The misguided nature of redesigning a user interface every year

I am what I would consider tech-savvy. I tend to dabble in different technologies, semi-early adopt the latest operating systems and versions of software, and generally enjoy testing out new features in computer-based environments. With all that said, even I find it annoying when “designers” find the need to redesign and restructure a product’s user interface on a yearly basis.

Here’s a series of tweets from Google’s VP of Product Design which perfectly illustrate his approach to how things work.

Despite what he says about “having no beef with how Windows looks”, he contradicts himself by first stating that he dislikes the fact that it is “basically XP with a flat design skin.” Obviously the guy is allowed to have his own opinion, but his opinion will spill over into his work on Google’s product designs. That isn’t too surprising given the number and frequency of user interface changes to Google’s products and services every year.

And therein lies the problem. The vast majority of Google’s products occur on the web and on their Android platform. What do these two platforms have in common? Minimal control over which version of a product you’re currently using. This is especially true on the web where you literally have no idea what a website will look one day to the next because you aren’t informed of any “pending upgrades.” On Android, you’re stuck with nagging updates which may or may not completely change your workflow due to a redesigned user interface.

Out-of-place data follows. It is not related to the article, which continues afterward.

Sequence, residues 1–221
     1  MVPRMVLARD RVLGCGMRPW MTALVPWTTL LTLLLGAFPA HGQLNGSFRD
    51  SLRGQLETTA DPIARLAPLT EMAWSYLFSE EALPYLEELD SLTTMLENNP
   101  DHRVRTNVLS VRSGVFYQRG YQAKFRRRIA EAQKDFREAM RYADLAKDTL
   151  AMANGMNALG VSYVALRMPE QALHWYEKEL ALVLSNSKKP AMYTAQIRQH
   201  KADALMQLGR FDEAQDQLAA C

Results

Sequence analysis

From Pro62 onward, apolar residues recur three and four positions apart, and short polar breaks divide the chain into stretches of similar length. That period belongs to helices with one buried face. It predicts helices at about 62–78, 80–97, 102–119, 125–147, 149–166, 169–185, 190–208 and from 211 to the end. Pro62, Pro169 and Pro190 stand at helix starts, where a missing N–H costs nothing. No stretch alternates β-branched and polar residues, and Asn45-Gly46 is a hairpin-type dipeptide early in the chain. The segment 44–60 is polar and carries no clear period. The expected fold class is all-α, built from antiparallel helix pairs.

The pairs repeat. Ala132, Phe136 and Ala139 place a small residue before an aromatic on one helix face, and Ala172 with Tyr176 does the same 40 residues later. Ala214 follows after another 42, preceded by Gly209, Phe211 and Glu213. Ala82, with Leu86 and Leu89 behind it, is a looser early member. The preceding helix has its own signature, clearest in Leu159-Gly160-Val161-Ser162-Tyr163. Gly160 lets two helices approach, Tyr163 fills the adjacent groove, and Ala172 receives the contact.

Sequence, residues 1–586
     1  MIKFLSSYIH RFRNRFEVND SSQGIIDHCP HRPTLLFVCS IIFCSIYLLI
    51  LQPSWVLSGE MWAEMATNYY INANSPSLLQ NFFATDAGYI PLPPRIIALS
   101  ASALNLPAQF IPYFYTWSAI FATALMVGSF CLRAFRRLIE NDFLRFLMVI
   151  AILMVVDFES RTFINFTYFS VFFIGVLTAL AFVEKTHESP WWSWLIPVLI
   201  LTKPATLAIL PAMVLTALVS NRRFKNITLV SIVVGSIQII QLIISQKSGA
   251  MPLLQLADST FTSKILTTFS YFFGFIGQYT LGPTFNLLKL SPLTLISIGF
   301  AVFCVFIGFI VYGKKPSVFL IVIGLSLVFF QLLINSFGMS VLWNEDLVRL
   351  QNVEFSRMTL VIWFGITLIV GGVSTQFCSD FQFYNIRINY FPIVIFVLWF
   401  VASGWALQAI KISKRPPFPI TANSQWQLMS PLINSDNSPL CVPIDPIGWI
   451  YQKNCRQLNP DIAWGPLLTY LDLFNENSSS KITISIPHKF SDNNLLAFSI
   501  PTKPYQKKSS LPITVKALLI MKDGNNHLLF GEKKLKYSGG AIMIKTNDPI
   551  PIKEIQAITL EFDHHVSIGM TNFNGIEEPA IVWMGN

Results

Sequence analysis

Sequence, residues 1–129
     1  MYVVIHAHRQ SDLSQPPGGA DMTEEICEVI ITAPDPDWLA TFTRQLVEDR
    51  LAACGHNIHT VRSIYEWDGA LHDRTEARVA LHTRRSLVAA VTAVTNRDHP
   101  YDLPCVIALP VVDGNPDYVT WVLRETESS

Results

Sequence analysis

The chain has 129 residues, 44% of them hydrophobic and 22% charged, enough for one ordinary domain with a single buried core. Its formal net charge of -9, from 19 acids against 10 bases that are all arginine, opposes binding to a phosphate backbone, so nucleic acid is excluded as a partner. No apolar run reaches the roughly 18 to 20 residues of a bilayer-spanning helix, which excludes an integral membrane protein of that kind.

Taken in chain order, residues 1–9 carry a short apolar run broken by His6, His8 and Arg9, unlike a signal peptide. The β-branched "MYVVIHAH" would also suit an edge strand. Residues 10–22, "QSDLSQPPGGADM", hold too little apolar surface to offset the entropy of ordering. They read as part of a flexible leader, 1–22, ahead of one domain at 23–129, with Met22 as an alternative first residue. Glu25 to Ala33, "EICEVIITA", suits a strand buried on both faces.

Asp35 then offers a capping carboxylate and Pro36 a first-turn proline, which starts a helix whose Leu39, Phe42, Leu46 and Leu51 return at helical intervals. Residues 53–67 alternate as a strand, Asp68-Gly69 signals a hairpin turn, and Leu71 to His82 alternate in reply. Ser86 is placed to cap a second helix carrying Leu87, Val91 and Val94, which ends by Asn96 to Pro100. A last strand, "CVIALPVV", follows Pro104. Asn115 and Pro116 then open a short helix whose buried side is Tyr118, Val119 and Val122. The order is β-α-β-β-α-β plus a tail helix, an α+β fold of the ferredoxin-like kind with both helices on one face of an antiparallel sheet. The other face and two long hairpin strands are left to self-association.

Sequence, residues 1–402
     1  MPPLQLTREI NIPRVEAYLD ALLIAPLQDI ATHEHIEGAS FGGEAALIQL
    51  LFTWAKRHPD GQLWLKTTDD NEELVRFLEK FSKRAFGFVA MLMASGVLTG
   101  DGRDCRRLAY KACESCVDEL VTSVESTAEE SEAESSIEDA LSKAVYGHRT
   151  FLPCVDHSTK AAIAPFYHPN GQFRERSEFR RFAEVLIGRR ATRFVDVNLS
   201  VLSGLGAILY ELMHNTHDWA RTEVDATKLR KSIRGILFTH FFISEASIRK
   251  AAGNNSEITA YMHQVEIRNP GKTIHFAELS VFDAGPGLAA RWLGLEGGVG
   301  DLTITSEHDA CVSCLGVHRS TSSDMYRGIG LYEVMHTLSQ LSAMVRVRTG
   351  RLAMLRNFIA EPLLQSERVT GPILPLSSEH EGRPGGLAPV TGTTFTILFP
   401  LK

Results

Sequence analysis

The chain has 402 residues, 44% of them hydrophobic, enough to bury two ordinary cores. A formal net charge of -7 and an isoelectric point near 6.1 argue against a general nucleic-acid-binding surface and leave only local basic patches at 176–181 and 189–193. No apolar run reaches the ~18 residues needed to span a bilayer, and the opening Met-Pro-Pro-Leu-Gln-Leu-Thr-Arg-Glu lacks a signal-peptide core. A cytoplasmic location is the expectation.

I realize that modern age personal computing is less than 30 years old, and that mobile computing is even newer. There’s plenty of room for improvement. I don’t want to be “that guy” who wants everything to stagnate and never move forward. That said, I see no good or compelling reason to make radical user interface as seen in Windows 8 and Google’s Material design. Why not ease people into a new design rather than dropping a huge set of changes on everyone?

Many people are resistant to change. That much is obvious just by talking to users of a system or reading the reviews of a product directly after launching a new version. And while much of the grievance is simply because of change itself, there are legitimate concerns from people regarding changes which affect their lifestyle and workflow. Changes should be eased in and tested on people at large scales to get perspectives from beyond the “Silicon Valley Bubble” which tends to act as an echo chamber.

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